Propaganda is a book that focuses mainly on the intelligent manipulation of planned habits and opinions in order to influence the masses in a democratic society. Edward Bernays views media propaganda as an intelligent and carefully crafted skill that is used to achieve meaningful schemes. His eccentric support for propaganda is evident throughout the book. In his submission, he declares that it is a necessary tool for an orderly society (Bernayss, 2004). It is important to state that according to Edwards view, media propaganda has been used to manipulate the masses by being made an invisible tool in the competitive society.
One of the major points in Bernays’ opening remarks is how he views the relationship between media propaganda and democracy. He states that, in a democratic society, governance and leadership rely heavily on media propaganda. Lack of this would either lead to chaos or paralysis. Bernays’ first argument is that, the society has been transformed from a local and sectional entity to a global village with ideas that are easily transmitted instantaneously. He points to technological advancement as the main reason for the rapid development in information transmission (Bernayss, 2004). There is also the aspect of modernity, where he states that in the 19th century, information flow was a slow and boring process that few dared to venture into. His change of heart is informed by the current developments that have seen the enhancement of technical structures across the planet.
Bernays believes that the current society is yet to gain fully from the possibilities presented by the improved information flow. He points out governance as one of the areas that would significantly gain from this phenomenon. The author rightly states that, in a democratic society, media propaganda is as important as any other tool of governance. He claims that his book is specifically meant to explain the process of media propaganda and how it can be manipulated to create public approval of specific ideas. It is surprising to note that the author does not see the ethical dilemma that media propaganda posses though he understands the dangers of news manipulation (Bernayss, 2004). All the concerns raised about media propaganda are considered orderlies of life by the author.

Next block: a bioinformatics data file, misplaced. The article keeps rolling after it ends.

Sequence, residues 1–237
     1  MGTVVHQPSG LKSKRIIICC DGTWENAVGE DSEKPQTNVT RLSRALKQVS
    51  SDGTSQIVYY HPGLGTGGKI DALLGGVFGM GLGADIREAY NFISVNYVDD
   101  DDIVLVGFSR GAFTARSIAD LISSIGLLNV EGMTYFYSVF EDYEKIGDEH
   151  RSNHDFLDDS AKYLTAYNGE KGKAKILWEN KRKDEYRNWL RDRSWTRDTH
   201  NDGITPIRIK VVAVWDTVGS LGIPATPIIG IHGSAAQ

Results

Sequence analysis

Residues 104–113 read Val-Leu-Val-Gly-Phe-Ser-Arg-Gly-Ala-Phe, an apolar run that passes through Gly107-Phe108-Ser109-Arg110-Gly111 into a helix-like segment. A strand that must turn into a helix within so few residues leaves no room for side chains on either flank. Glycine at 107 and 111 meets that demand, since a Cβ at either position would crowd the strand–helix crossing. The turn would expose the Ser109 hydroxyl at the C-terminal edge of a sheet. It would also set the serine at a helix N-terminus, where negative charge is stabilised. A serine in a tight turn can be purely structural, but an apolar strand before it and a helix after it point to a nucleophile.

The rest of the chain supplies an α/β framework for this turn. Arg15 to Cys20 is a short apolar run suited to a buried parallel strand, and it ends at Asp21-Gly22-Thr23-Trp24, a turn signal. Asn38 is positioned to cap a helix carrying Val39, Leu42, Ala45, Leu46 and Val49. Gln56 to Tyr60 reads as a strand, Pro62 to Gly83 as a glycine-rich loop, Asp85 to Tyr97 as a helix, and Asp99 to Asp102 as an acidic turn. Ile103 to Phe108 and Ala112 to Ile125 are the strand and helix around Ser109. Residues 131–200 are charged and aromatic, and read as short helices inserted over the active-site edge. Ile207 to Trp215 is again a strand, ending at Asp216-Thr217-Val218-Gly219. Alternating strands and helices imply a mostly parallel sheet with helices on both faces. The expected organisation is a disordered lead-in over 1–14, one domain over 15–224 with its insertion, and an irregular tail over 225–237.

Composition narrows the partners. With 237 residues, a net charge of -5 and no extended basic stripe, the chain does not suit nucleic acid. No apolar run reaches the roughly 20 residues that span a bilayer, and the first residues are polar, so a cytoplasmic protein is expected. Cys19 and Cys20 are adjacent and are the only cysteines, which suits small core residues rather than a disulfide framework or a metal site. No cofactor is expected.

Through the first part of the book, Bernays has spent much time trying to explain why media propaganda is not a bad term. He uses many examples to justify his assertion. One of the most interesting examples he uses to justify his stand is the use of democracy as a way of justifying media propaganda. The author explains that, without media propaganda, governance would become a problem. This would then translate into weak democratic structures which would reduce the quality of life. He explains that successful leaderships have relied on media propaganda at one time or the other. His reflection on the events that happened before 1928 is aimed at explaining to the reader the origin of his argument. He contends that there is no society without incidents of personality inflation or misleading promotion of ideas with the aim of improving one’s stature. He therefore, concludes in the first part of the book that, media propaganda is not worthy of the criticism that it is currently receiving (Bernayss, 2004). The chapter on ‘psychology of public relations’ is used to drive his point home by relating to group habits. The author notes that public relations are a process that relies on reading habits of a group and developing products that suit into these habits. This in itself is viewed as the simplest form of media propaganda by the author. The chapter further claims that, manipulation of impulses, emotions and habits of a given group, without interfering with the individuals, is the highest form of media propaganda.
The first three chapters of the book present specific arguments. In chapter one, two and three, the